General Overview About the Injection Molding


Injection Molding Concept


What is Injection Molding?

Almost every plastic part around you was manufactured using injection molding: from car parts, to electronic enclosures, and to kitchen appliances.

Injection molding is a manufacturing process for the mass-production of identical plastic parts with good tolerances and mechanical properties. Plastic pellets are first melted and then injected under pressure into a mold, where the liquid plastic cools and solidifies. The materials used in Injection Molding are thermoplastic polymers that can be colored or filled with other additives.

How do Injection Molding Machines Work?

All thermoplastic materials can be injection molded. Some types of silicone and other thermoset resins are also compatible with the injection molding process. The most commonly used materials in injection molding are: 

  • Polypropylene (PP): ~38% of global production
  • ABS: ~27% of global production
  • Polyethylene (PE): ~15% of global production
  • Polystyrene (PS): ~8% of global production

There are mainly three parts in the injection molding machine:

      • Injection

The injection section of the machine melts the plastic pellets and pushes them into the mold. The components of this section are the hopper, the barrel and the plunger or screw. 

You place the plastic pellets into the hopper. They are pushed into the barrel where they are heated. The plunger moves the molten plastic into the mold by applying the injection pressure. The plastic solidifies inside the mold and takes the shape of the mold cavity. As the final step, the mold opens and the part is ready.   

This cycle repeats and may take about 60 seconds with APSX-PIM. 

      • Mold

It makes up a big portion of the start-up costs in injection molding. The cost of a typical mold starts at approximately $1,500-3,000 for a simple geometry and can go upwards to $6,000-10,000 for molds optimized for complex parts.

Molds are usually CNC machined out of aluminum or tool steel. Recent advances in 3D printing materials have enabled the manufacturing of molds suitable for low-run injection molding (100 parts or less) at a fraction of the cost. However, machining aluminum molds are not too expensive and time consuming compared to 3D printing.

3D Printed Molds

Straight pull molds have two halves: Cavity and core. They require 2D geometry simple parts. For more complex parts, you may need to add side action inserts to the mold. It adds complexity and cost to the process.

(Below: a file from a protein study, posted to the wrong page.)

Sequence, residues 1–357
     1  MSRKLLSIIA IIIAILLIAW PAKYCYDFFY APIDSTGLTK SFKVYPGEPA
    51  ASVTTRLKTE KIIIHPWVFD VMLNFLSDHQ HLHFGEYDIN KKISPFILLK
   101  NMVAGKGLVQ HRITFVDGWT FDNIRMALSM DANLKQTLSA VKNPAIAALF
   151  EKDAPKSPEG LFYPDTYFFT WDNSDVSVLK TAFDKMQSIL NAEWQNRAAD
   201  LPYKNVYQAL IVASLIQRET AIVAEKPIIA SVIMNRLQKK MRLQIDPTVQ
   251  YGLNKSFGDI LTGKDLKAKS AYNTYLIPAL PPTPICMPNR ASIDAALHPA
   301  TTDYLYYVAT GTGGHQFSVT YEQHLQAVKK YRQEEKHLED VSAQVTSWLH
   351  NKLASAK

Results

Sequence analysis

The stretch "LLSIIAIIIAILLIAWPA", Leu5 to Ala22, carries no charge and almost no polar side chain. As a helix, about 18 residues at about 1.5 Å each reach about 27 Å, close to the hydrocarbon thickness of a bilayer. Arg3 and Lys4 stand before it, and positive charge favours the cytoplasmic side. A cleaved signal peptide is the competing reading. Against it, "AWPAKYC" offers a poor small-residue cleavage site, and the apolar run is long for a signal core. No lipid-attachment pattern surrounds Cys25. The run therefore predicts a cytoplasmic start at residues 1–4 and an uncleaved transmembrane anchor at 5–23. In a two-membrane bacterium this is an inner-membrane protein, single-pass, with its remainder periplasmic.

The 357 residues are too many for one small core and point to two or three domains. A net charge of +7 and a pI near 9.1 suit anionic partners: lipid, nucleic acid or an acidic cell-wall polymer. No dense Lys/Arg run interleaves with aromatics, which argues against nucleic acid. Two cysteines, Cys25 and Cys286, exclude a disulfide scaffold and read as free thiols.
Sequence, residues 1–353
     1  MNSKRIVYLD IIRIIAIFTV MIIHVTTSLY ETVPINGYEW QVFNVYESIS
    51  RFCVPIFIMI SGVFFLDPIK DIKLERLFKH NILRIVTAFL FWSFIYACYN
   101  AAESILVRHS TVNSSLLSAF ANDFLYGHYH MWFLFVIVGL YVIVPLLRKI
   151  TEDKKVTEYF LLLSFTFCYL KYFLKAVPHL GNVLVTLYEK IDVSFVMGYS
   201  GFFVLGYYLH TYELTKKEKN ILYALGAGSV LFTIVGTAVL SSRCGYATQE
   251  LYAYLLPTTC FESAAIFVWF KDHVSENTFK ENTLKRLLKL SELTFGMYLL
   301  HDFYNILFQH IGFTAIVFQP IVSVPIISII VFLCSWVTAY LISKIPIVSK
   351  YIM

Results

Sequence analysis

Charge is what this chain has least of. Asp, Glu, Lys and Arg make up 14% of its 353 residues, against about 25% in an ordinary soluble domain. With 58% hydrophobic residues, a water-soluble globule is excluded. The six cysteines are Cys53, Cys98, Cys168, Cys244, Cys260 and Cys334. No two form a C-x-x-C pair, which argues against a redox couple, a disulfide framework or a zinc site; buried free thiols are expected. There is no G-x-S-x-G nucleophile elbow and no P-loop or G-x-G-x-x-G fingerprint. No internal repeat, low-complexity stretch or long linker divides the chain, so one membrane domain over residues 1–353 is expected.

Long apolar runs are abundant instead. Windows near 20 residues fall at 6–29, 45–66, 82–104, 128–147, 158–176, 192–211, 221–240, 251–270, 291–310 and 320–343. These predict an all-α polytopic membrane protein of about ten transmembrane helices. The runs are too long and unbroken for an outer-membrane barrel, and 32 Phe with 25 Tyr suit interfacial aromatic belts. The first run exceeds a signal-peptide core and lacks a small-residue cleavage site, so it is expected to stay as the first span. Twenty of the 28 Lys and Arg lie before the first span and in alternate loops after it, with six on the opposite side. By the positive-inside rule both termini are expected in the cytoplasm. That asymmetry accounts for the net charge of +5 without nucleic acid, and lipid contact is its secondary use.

The mold has the sprue, the runner and the gate features. There may be one or more runners in a mold. The gate is the entry point of the material into the cavity. Its size and shape is critical and should be designed for a specific material. 


      • Clamping

Other side of the injection molding machine is the clamping system. The clamping system has a dual purpose: it keeps the 2 parts of the mold shut during injection and it ejects the part out of the mold after it opens.

The injection molding cycle takes about 60 seconds with APSX-PIM. In comparison, CNC machining or 3D printing may take hours to make a part with the same geometry. If you also have multi cavity mold, you can amplify your production volume. You may have about 500 cycles or 1000 parts (sometimes 10,000 parts) in an 8-hour day. 

Injection molding can produce parts with tolerances of +/- 0.005 inches. 

The typical high mold costs are not an issue with the APSX-PIM. Since the mold size is 6 inches by 4.8 inches, the mold material (aluminum) cost is very minimal. That means, you do not need to make thousands of the same part to justify your initial investment. The design change costs are also not a scary cost item for the same reason. If you have CNC machining capability, you can have a finished plastic part in your hand by the end of a day. You can finish the part design (CAD) in the first half of the day. Then you can machine the mold and make injeciton molding in the afternoon. If you do not like the part, do the same cycle next day until you are satisfied with the product design. 

Design Guidelines for Injection Molding

Injection molding requires certain design rules to get perfect parts to avoid warping, sink marks, knit lines and short shots.